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"Where liberty is, there is my country." - Benjamin Franklin
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Worldwide Country Comparison

Worldwide Country Comparison | HMHS History | Scoop.it

"MyLifeElsewhere allows you to compare your home country with different countries around the world. Ever wonder what your life would be like if you were born somewhere else?"


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HG Académie de Rennes's curator insight, January 31, 1:56 AM

Un site d'une grande simplicité d'utilisation bien qu'en anglais. Le principe est de choisir deux pays dans un menu déroulant pour en comparer les principaux indicateurs de développement sous la forme de petites infographies très pédagogiques.
La comparaison est évidemment un processus de raisonnement à mettre en place pour situer et caractériser en géographie. On songera ainsi à l'utilisation d'un tel outil dans le cadre de l'étude des inégalités de développement en classe de 5e et de Seconde, mais aussi pour une mise en perspective sur les Territoires dans la mondialisation en classe de 4e afin de caractériser un PMA, un pays émergent, un pays développé (cf. exemple réalisé pour l'illustration).

Dernière information sur ce site, les statistiques utilisées proviennent des bases de données open source de la CIA américaine.

Brian Wilk's curator insight, February 7, 7:51 PM

After studying this comparison tool and using it to find the best of the best and worst of the worst, I picked out some highlights I'd like to share. Monaco is clearly the place to be born, earn, and live. When compared to the USA, the infant mortality rate is 71% less, the life expectancy is 10 years longer @ 84, and you'll earn 62% more money, no doubt because you have ten more years in which to do so. I believe the stats may be skewed a bit in this country comparison as the very rich live there and they have access to the best medical care, and probably don't have very many infants with them when they make the move from elsewhere, hence the low infant mortality rate. Austria is not a bad second choice as you are 33% less likely to be unemployed. On a sobering note, the life expectancy if you live in Namibia is only 52! Yikes, I'm already 53... It's far worse however in Swaziland. The life expectancy is sadly only 50.5 years and you are 44 times more likely to have AIDS than if you lived here. 26.5% of the population has AIDS! Be thankful for where you live and stop complaining, it's far worse on average in nearly all other countries.

Monika Fleischmann's curator insight, February 15, 4:59 AM
Seth Dixon's insight:

Did you know that with 1/30th the territory of the United States, Norway still has over 25% more coastline?  I didn't either until I compared Norway to the United States using My Life Elsewhere.  This site is designed allow United States students to imagine how their lives might be different if they were born in a different part of the world.  Students would probably die 21 years earlier if they were born in Liberia and 11 times more likely to have died in infancy.   Students would be 43.8% less likely to grow up and be unemployed and have 36.3% less babies if they were born in Taiwan.  This side-by-side format is a great way to help students help make these statistics real and meaningful.  One major drawback: this site only allows users to compare a country to the United States.  If you prefer to have students compare, say Cuba to the United Arab Emirates, I would recommend that you try If It Where My Home.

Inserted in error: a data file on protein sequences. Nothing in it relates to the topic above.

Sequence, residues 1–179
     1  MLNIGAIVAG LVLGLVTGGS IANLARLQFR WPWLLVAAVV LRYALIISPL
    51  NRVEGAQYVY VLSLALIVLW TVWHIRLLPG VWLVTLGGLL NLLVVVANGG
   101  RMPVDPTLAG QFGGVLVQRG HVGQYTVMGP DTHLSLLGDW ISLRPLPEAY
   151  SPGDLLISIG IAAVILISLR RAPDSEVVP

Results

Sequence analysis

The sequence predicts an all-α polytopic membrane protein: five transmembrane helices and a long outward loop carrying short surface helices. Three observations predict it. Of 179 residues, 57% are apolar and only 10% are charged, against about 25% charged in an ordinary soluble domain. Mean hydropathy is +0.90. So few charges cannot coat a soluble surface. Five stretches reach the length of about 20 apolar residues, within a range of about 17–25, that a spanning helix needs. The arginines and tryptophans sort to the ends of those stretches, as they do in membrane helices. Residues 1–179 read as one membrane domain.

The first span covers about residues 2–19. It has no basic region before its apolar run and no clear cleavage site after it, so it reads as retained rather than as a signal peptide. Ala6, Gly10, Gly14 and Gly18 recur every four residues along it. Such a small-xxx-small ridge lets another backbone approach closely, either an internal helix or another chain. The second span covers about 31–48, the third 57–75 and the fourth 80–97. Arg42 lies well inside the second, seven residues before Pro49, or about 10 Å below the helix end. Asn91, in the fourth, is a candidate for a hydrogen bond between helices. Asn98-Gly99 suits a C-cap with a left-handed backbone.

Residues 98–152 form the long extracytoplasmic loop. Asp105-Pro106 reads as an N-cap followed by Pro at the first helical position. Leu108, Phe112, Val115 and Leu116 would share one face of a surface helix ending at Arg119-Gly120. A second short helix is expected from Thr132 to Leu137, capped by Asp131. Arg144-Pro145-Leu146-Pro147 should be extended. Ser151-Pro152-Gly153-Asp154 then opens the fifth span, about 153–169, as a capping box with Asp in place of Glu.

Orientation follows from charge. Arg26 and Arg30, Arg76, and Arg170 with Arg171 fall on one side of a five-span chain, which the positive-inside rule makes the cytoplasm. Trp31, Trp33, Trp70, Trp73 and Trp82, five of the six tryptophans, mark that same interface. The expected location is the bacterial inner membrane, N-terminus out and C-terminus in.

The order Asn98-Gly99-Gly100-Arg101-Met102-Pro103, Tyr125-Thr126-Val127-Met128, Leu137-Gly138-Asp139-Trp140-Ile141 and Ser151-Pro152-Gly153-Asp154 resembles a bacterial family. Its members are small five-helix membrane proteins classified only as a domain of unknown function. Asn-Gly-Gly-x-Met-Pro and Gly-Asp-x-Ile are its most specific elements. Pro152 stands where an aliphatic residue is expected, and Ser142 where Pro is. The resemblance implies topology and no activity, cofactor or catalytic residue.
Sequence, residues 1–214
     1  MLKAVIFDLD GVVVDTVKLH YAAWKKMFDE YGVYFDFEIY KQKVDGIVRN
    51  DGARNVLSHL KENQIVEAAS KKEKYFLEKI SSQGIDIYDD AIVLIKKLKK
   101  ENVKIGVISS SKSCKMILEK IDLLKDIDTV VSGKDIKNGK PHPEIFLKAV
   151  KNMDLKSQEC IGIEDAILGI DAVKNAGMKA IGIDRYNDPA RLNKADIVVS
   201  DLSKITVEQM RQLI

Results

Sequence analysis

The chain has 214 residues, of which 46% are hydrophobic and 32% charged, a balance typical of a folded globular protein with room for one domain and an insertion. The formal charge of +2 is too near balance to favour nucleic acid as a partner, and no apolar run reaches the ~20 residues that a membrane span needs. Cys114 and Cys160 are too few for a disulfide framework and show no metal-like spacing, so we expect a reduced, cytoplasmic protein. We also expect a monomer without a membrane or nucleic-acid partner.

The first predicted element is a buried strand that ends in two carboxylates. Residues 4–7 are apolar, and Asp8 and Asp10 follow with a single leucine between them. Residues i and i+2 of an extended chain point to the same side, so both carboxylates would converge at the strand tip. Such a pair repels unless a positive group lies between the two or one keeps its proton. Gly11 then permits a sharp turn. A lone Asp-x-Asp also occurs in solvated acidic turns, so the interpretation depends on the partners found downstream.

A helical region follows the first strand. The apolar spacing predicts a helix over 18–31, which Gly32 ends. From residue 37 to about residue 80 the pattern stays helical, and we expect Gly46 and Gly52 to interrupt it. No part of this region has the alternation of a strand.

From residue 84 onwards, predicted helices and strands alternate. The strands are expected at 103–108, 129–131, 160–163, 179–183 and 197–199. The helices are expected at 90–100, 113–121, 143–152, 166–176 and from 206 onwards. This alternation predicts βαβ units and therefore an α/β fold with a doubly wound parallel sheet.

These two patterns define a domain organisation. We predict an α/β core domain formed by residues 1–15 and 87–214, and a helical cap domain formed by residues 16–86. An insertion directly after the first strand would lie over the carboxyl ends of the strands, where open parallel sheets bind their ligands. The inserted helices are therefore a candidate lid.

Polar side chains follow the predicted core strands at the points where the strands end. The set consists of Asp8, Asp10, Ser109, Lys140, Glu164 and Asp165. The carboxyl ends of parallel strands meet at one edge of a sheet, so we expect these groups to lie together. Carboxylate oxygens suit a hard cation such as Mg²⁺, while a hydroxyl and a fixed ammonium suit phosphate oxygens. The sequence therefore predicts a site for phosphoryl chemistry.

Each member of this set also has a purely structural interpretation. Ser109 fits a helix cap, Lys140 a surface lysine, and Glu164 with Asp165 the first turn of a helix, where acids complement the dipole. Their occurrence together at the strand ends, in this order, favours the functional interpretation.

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The Data-Driven Farm

"Mr. Tom is as much a chief technology officer as he is a farmer. Where his great-great-grandfather hitched a mule, 'we’ve got sensors on the combine, GPS data from satellites, cellular modems on self-driving tractors, apps for irrigation on iPhones,' he said.

The demise of the small family farm has been a long time coming. But for farmers like Mr. Tom, technology offers a lifeline, a way to navigate the boom-and-bust cycles of making a living from the land. It is also helping them grow to compete with giant agribusinesses."


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Seth Dixon's curator insight, December 3, 2014 4:42 PM

The New York Times article associated with the video above offers a great glimpse into the inner works of how agribusiness technologies have transformed the American family farm.  


Tags: agriculture, food production, agribusiness, unit 5 agriculture.

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Megacities Interactives

Megacities Interactives | HMHS History | Scoop.it